Tips for firewood hunters

By: Pat Cox, Photography by: Pat Cox

The chainsaw is one of the most unforgiving hand tools you can use. So don't forget to check out these handy tips!

If you don’t have your firewood in for the winter, then you’re almost too late. My big concern is for those who don’t have the skills and experience to use the devil’s own tool. The chainsaw is one of the most unforgiving hand tools you can use.


When you get it wrong, you can cause serious damage to yourself, and should you be unfortunate to cut yourself, these types of wounds need to be dealt with correctly. From experience, one of my loggers got a kick back and the chain came up through to the side of his boot inflicting a nasty cut to the instep.

One doctor said he did not have the time to do the repair job as it would take a couple of hours to open the wound up, clean it, and then stitch his way out. Consequently, there was no choice but to take the logger to the hospital.

They gave it a quick wash and stitched it up and the logger was sent home. But because of constant infections and further surgery, this logger was off work for eight months before he was fit for work.

The novice or home handyman, before setting out on his firewood hunting expedition, needs to prepare and check his chainsaw, as my guess is it was probably chucked back in the shed after last year’s firewood gathering. Before you head out to your favourite spot, put the chainsaw on the bench and pull it apart.

Take off the top cover, remove the air filter, clean it, and leave it to dry. Put a piece of rag in the hole and clean all around the carburettor under the cover and anywhere else where there has been a build-up of oily sawdust. Chainsaws are air cooled so you want good air flow.


Take off the bar and chain, clean out the grove where the chain sits, file the rails flat and take off any burrs on the rails, clean the oil holes, and check the sprocket that drives the chain for wear.

If possible, use a segment drive rather than a fixed drive, as should you throw the chain off, there’s less chance of damaging the chain.

When putting your saw back together and tightening the chain, hold the chain so the drivers can be just lifted out of the rails. Not too tight and you’re able to push the chain around by hand. Always push the chain away from you going with the teeth.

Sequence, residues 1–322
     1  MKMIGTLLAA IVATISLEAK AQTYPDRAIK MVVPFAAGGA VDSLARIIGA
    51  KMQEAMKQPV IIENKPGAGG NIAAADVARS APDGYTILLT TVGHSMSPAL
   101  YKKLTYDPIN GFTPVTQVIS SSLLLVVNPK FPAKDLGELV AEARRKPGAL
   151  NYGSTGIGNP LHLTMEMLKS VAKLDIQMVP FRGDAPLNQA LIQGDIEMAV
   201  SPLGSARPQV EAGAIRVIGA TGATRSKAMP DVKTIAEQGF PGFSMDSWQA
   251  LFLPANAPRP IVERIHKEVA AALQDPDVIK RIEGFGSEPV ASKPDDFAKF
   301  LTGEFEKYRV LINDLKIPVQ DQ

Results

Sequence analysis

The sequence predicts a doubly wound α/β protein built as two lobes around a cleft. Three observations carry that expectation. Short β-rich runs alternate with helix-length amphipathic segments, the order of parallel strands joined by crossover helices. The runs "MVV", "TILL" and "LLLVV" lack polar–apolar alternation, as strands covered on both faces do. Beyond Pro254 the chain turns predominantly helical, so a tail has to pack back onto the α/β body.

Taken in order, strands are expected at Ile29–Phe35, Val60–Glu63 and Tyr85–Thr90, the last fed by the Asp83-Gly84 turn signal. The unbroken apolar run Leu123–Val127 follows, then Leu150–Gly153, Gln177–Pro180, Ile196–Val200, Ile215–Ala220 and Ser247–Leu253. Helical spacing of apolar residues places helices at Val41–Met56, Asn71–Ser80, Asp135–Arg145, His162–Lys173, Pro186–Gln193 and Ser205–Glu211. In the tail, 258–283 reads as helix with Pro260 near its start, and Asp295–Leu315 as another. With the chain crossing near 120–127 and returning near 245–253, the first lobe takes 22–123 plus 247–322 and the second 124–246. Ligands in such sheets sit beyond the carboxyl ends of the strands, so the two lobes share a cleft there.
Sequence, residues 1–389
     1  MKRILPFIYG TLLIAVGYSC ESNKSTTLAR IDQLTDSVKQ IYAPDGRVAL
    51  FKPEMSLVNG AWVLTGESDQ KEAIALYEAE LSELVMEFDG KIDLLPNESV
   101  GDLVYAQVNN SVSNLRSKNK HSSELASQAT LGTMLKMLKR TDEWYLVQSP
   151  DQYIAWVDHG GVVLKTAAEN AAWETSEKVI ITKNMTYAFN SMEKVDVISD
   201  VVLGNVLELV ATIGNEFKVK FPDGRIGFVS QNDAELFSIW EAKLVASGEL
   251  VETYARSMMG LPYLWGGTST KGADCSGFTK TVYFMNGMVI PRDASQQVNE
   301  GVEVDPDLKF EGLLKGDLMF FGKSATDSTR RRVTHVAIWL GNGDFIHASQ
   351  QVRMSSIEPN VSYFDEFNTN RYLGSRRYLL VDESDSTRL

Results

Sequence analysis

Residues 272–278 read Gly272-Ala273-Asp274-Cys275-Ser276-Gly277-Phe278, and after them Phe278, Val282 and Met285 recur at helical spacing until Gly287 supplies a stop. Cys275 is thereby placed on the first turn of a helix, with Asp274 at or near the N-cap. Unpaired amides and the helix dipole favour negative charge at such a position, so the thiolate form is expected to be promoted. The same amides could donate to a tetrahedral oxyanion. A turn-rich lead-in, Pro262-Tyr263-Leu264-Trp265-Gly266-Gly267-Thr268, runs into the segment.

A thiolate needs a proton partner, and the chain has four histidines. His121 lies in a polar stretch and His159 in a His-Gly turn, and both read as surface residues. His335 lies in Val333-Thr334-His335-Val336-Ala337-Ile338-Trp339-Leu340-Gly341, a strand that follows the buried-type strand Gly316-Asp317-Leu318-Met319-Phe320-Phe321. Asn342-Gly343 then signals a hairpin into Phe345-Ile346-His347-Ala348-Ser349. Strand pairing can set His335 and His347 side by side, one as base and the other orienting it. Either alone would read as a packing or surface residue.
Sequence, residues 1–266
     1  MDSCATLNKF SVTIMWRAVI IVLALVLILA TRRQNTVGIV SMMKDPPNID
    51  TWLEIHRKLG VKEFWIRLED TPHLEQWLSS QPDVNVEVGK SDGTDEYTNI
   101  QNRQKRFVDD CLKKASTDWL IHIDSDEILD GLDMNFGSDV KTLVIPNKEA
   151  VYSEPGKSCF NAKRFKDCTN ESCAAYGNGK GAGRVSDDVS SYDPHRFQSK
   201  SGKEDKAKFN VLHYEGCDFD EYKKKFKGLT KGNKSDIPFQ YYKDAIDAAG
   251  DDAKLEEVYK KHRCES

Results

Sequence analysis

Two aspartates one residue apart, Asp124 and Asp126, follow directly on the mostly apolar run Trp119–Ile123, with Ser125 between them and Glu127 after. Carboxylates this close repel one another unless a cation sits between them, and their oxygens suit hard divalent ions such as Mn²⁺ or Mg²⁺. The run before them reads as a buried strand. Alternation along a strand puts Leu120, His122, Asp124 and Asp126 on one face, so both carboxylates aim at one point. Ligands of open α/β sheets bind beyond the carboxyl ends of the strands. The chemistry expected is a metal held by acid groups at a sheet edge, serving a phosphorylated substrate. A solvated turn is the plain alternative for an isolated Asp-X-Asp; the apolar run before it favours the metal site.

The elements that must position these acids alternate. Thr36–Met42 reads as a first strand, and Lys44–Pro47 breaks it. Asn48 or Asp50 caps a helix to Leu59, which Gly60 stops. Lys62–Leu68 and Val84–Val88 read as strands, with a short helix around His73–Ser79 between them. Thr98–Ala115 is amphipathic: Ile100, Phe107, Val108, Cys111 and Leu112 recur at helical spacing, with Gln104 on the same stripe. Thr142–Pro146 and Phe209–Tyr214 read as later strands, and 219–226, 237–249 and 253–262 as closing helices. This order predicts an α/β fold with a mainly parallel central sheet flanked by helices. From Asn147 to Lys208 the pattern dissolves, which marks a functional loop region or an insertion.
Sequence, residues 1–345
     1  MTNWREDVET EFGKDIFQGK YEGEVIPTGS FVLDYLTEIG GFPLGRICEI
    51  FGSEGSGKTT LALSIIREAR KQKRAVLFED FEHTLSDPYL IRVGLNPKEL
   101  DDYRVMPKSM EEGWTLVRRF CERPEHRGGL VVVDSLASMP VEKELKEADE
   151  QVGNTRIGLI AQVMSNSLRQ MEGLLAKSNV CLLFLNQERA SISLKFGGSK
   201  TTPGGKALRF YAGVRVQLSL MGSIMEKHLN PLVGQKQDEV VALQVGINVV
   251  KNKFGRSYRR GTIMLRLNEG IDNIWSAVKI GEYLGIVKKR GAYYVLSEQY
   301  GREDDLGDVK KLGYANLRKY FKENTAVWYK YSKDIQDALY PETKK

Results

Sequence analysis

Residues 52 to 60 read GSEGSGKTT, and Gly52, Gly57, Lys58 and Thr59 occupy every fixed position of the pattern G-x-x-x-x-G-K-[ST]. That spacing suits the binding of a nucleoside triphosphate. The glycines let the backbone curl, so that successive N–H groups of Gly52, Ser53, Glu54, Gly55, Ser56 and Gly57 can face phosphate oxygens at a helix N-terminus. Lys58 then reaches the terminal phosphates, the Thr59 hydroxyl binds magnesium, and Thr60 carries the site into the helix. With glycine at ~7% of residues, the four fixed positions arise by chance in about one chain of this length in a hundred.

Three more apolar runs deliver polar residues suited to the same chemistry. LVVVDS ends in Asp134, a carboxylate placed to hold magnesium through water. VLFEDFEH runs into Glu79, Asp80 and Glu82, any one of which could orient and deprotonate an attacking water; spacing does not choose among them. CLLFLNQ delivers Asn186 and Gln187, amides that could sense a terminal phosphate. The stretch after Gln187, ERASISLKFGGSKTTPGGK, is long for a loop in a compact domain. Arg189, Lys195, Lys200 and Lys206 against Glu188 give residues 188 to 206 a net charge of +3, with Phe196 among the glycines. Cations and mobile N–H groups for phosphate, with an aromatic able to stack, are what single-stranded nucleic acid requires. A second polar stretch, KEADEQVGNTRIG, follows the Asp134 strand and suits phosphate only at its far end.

Another thing to check for is the sharpness of the saw, as blunt ones are dangerous. If you don’t know how to sharpen a chain, take it to someone who does. If you do it yourself, here are some checkpoints.

Get the right size file to fit your chain, as new chains are always harder to sharpen as they have been sharpened by machine and there is a piece in the gullet that needs to be taken out when using a round file. When filing across the top of the tooth, this should be at 30 degrees.

You can keep the file flat or add a 10-degree angle upwards. You can buy an attachment for your file if necessary. If your saw is blunt, it will produce dust; sharpened correctly, it will produce woodchips.

Depth gauges are directly in front of the tooth. These need to be taken down as the chain wears but if you take these down too far, the chain will not cut properly and could cause kick back. Don’t touch them at all and once again it will not cut.

Properly sharpened chainsaw, when cutting, should pull itself through the log; you should not have to force it. How do you hold onto the chainsaw to operate it safely?

When starting, the safest way is to place it on the ground and put your foot through the back handle with one hand on the handlebar when pulling the starter cord. If you have a chain brake, engage to avoid chain spin. Holding your chainsaw properly when operating will greatly reduce the risk of injury.

Always have a solid grip on the handlebar: keep your thumb under the handlebar and never ever let it rest on top of the handlebar. If the saw kicks back, you will have no control, increasing the chances of injury.

Do not rely on the safety equipment attached to your saw; these were invented to prevent bad practice habits. Good control of a well-sharpened and operating saw will let you enjoy the warmth of your fireplace.

Make sure you use the right fuel mix. There’s also a fuel filter in the tank that should be changed. When these block up, it will make your saw run learn and rev out and hard to control. Use clean bar oil. They have an additive to make it sticky and give the chain and bar a longer life; it also protects the oil pump.


The Tasmanians would have to be the best firewood experts I have seen, so here’s a tip when stacking wood. When building your stack on the outside, keep it square by two pieces one way and next, layer up at 90 degrees. It’s simple and you will stack your wood higher.

If you’re using a log splitter or an axe, get a decent splitting block and make sure your axe is sharp and the head is on tightly. Always split away from people standing by. Burn dry wood to get better heat and to avoid soot up the chimney. Stay warm.

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